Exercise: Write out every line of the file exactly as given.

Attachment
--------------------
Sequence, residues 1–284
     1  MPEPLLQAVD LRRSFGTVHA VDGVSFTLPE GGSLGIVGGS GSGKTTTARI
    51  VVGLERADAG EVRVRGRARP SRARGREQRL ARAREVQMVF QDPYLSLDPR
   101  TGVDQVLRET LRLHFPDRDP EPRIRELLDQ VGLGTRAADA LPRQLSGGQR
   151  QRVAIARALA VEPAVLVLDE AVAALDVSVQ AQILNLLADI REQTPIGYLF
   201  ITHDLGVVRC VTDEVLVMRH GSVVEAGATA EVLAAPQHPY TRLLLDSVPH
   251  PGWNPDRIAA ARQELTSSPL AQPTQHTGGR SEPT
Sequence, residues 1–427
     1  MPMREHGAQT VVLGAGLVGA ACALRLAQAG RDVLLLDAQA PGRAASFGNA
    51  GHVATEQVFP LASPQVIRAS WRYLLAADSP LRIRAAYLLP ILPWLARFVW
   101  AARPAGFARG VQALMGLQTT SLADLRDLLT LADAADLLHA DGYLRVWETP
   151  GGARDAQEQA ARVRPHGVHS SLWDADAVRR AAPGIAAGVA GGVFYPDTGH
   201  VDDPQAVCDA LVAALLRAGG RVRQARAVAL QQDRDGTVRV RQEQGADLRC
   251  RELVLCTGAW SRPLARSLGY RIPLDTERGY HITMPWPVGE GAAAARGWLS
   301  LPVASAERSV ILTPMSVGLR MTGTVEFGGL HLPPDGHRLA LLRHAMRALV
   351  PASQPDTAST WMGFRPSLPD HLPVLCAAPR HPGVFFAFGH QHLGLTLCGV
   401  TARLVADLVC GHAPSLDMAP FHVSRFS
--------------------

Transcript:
Sequence, residues 1–284
     1  MPEPLLQAVD LRRSFGTVHA VDGVSFTLPE GGSLGIVGGS GSGKTTTARI
    51  VVGLERADAG EVRVRGRARP SRARGREQRL ARAREVQMVF QDPYLSLDPR
   101  TGVDQVLRET LRLHFPDRDP EPRIRELLDQ VGLGTRAADA LPRQLSGGQR
   151  QRVAIARALA VEPAVLVLDE AVAALDVSVQ AQILNLLADI REQTPIGYLF
   201  ITHDLGVVRC VTDEVLVMRH GSVVEAGATA EVLAAPQHPY TRLLLDSVPH
   251  PGWNPDRIAA ARQELTSSPL AQPTQHTGGR SEPT
Sequence, residues 1–427
     1  MPMREHGAQT VVLGAGLVGA ACALRLAQAG RDVLLLDAQA PGRAASFGNA
    51  GHVATEQVFP LASPQVIRAS WRYLLAADSP LRIRAAYLLP ILPWLARFVW
   101  AARPAGFARG VQALMGLQTT SLADLRDLLT LADAADLLHA DGYLRVWETP
   151  GGARDAQEQA ARVRPHGVHS SLWDADAVRR AAPGIAAGVA GGVFYPDTGH
   201  VDDPQAVCDA LVAALLRAGG RVRQARAVAL QQDRDGTVRV RQEQGADLRC
   251  RELVLCTGAW SRPLARSLGY RIPLDTERGY HITMPWPVGE GAAAARGWLS
   301  LPVASAERSV ILTPMSVGLR MTGTVEFGGL HLPPDGHRLA LLRHAMRALV
   351  PASQPDTAST WMGFRPSLPD HLPVLCAAPR HPGVFFAFGH QHLGLTLCGV
   401  TARLVADLVC GHAPSLDMAP FHVSRFS